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It may be possible to configure VMware Workstation so that you can use an operating system already installed and configured on a SCSI disk as a guest operating system inside a VMware Workstation virtual machine.
Using an existing SCSI disk - or SCSI raw disk - inside a virtual machine is supported only if the host has a BusLogic SCSI adapter. It may be possible to configure a host with a different SCSI adapter so the same operating system can be booted both natively and inside a virtual machine, but this approach is not supported by VMware. For details on some of the key issues involved, see Known Issues and Background Information on Using SCSI Raw Disks.
You must create a separate configuration for each guest operating system. Allow read and write access to the partitions used by that operating system only.
In some cases, it is not possible to boot a raw SCSI drive inside a virtual machine because the SCSI adapter in the physical computer and the BusLogic adapter in the virtual machine describe the drive in different ways. The virtual machine might hang during the boot, VMware Workstation might crash or VMware Workstation might fail with an ASSERT or other error message.
This problem is most likely to affect smaller drives - less than 2GB.
In order to share the same BIOS interface used by IDE disks (which is required in order to boot), all SCSI disks need to have a geometry, which is a fabricated value for the number of cylinders, sectors and heads on the disk.
In fact, a SCSI disk appears to a computer as a single flat entity from sector 1 up to the highest sector on the disk. As a result, every SCSI vendor has its own approach to taking the capacity of a SCSI disk and generating a geometry to use for booting.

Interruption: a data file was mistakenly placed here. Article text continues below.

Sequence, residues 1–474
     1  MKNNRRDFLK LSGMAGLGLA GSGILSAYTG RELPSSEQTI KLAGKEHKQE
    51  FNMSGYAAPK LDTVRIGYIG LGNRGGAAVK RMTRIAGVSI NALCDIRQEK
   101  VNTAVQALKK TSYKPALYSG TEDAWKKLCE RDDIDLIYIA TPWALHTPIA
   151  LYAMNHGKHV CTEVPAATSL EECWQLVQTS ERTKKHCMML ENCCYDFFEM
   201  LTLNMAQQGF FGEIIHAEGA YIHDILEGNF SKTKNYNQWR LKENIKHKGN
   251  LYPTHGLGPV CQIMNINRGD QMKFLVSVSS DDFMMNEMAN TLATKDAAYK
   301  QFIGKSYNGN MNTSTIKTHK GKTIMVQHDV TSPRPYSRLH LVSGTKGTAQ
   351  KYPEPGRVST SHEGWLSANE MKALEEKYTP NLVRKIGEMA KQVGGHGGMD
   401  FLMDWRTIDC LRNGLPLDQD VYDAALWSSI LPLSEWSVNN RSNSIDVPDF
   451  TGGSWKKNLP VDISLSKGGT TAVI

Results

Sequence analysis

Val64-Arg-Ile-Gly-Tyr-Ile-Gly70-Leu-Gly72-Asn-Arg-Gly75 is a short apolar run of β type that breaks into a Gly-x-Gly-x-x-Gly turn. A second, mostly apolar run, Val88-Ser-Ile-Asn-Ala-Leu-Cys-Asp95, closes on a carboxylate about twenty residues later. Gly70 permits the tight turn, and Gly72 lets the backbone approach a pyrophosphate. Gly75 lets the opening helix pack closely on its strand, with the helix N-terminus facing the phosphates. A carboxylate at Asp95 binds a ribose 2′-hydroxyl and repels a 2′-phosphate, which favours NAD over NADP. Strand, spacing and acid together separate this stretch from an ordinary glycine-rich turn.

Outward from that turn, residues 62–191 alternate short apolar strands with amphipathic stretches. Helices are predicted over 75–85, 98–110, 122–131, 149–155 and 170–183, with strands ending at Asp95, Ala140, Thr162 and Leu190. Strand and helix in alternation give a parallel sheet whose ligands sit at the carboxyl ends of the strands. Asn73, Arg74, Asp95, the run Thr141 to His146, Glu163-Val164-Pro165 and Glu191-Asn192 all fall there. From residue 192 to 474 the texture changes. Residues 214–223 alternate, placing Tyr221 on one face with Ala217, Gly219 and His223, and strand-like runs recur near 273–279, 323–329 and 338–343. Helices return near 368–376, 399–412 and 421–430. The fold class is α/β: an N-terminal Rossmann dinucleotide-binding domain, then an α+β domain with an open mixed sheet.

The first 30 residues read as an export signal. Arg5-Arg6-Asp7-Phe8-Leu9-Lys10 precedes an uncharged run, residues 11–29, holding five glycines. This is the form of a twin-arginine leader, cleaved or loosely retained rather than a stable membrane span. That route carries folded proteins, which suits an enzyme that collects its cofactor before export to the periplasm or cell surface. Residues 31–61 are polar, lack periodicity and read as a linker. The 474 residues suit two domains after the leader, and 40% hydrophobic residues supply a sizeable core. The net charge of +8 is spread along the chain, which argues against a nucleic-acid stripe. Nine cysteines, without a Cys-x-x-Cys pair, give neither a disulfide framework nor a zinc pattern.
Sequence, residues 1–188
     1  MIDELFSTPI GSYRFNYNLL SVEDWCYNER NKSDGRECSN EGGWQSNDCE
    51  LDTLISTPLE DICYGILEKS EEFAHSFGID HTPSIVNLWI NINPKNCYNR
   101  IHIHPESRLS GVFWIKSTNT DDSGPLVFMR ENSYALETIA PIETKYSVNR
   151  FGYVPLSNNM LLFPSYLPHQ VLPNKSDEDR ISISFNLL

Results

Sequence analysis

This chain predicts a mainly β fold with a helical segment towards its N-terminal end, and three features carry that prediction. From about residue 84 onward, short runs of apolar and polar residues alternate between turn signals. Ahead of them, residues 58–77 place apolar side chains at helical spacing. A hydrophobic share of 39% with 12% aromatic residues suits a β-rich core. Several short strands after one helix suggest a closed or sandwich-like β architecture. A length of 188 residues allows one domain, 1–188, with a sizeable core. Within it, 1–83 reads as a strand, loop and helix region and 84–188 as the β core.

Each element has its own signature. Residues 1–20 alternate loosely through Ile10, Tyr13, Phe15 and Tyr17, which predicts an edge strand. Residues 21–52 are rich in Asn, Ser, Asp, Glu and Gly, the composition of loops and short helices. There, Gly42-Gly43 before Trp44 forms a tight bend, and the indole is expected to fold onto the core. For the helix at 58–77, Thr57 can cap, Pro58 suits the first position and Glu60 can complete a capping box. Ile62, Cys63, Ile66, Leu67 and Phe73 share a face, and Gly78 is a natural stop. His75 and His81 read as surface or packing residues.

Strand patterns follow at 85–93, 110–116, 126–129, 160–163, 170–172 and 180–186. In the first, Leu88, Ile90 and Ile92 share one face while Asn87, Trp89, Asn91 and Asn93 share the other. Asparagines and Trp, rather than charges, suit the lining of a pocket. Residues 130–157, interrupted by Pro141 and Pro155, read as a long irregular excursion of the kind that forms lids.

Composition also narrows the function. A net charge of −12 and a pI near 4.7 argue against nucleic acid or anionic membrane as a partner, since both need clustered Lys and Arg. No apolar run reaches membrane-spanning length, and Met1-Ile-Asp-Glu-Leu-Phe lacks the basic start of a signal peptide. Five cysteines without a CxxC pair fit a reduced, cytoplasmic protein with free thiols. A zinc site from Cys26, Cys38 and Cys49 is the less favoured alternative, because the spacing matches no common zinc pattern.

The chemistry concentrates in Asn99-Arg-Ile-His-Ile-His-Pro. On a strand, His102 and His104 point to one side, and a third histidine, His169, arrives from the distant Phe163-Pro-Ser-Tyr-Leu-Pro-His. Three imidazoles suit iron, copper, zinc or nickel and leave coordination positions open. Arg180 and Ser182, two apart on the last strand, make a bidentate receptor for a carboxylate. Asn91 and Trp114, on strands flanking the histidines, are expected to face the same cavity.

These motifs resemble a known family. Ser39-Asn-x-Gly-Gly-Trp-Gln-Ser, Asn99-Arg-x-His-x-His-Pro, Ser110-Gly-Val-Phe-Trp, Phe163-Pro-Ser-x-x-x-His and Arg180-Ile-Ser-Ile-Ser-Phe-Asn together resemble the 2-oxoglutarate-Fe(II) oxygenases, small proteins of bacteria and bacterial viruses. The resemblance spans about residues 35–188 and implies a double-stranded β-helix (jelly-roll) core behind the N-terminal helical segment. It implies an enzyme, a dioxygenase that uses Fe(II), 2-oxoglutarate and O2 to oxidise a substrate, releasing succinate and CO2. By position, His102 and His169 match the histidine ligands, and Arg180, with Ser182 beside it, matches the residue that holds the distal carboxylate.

The conversion from a given geometry to an absolute sector number depends on the geometry. If you have a disk with a boot sector written by a program running on the host and you try to boot that disk inside a virtual machine, the boot program can fail if the host geometry does not match the geometry used by the BusLogic virtual SCSI adapter. The symptoms are that you see the first part of the boot loader - possibly an LI from LILO, for example - but then the boot either stops or crashes.
BusLogic uses the following rules for generating disk geometries:
In each case the number of cylinders is calculated by taking the total capacity of the disk and dividing by (heads*sectors). Fortunately, for sufficiently big disks, practically all vendors use 255 heads and 63 sectors.
In contrast to IDE adapters, SCSI adapters are not interchangeable and cannot all use the same drivers. That is, if you have an Adaptec SCSI host adapter in your machine and you remove it and replace it with a BusLogic SCSI host adapter, your operating system will most likely fail to boot unless you install a BusLogic driver.
Dual booting from a disk that is also used as a virtual disk is no different. To your operating system, it appears that the SCSI card in the machine suddenly changed from whatever you own to a BusLogic card, and your operating system needs to have a valid BusLogic driver installed. If that driver is not installed, you get a panic, a blue screen or some similar fatal error as soon as the boot process tries to switch from the BIOS bootstrap to the disk driver installed in the operating system.
Many operating systems have configuration information that is different for SCSI and IDE drives. For example, Linux uses /dev/hd[x] as the device name for IDE disks and /dev/sd[x] for SCSI disks. References to these names appear in
This is one reason that booting a raw IDE disk as a SCSI disk or vice versa does not work well (if at all).
However, even when you are dealing only with SCSI devices, it is possible for an operating system to encode information in a way that causes problems when you are dual booting. For example, Solaris names its SCSI disks /dev/c[x]t[y]d[z]s0, where the y represents the SCSI ID. So if you had a raw disk configured as SCSI ID 3 on the host and as SCSI ID 0 in your VMware Workstation configuration file, it would move if you were running Solaris, and most likely Solaris would not boot.
The precise dependencies in various operating systems can be complex. That is why it is safest to configure SCSI raw disks in a virtual machine using the same SCSI ID as they use on the host.